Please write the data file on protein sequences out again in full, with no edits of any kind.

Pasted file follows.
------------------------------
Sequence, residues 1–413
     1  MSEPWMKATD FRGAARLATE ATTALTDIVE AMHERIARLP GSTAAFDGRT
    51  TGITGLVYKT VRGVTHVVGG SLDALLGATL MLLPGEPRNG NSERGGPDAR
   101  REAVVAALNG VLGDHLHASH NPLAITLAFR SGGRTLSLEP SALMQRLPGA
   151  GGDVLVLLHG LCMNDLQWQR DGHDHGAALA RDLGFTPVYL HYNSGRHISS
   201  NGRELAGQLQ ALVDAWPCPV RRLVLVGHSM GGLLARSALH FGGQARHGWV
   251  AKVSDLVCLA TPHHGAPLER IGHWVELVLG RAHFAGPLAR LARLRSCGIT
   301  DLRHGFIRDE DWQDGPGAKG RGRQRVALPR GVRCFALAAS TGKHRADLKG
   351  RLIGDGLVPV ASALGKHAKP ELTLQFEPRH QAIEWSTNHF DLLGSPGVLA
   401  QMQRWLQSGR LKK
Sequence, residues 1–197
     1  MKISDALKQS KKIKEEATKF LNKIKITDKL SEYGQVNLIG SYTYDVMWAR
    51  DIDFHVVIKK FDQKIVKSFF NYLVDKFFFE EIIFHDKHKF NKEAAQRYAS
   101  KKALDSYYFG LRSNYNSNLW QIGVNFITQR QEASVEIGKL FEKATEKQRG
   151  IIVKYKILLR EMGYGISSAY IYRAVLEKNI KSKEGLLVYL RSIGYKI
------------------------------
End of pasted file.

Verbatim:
Sequence, residues 1–413
     1  MSEPWMKATD FRGAARLATE ATTALTDIVE AMHERIARLP GSTAAFDGRT
    51  TGITGLVYKT VRGVTHVVGG SLDALLGATL MLLPGEPRNG NSERGGPDAR
   101  REAVVAALNG VLGDHLHASH NPLAITLAFR SGGRTLSLEP SALMQRLPGA
   151  GGDVLVLLHG LCMNDLQWQR DGHDHGAALA RDLGFTPVYL HYNSGRHISS
   201  NGRELAGQLQ ALVDAWPCPV RRLVLVGHSM GGLLARSALH FGGQARHGWV
   251  AKVSDLVCLA TPHHGAPLER IGHWVELVLG RAHFAGPLAR LARLRSCGIT
   301  DLRHGFIRDE DWQDGPGAKG RGRQRVALPR GVRCFALAAS TGKHRADLKG
   351  RLIGDGLVPV ASALGKHAKP ELTLQFEPRH QAIEWSTNHF DLLGSPGVLA
   401  QMQRWLQSGR LKK
Sequence, residues 1–197
     1  MKISDALKQS KKIKEEATKF LNKIKITDKL SEYGQVNLIG SYTYDVMWAR
    51  DIDFHVVIKK FDQKIVKSFF NYLVDKFFFE EIIFHDKHKF NKEAAQRYAS
   101  KKALDSYYFG LRSNYNSNLW QIGVNFITQR QEASVEIGKL FEKATEKQRG
   151  IIVKYKILLR EMGYGISSAY IYRAVLEKNI KSKEGLLVYL RSIGYKI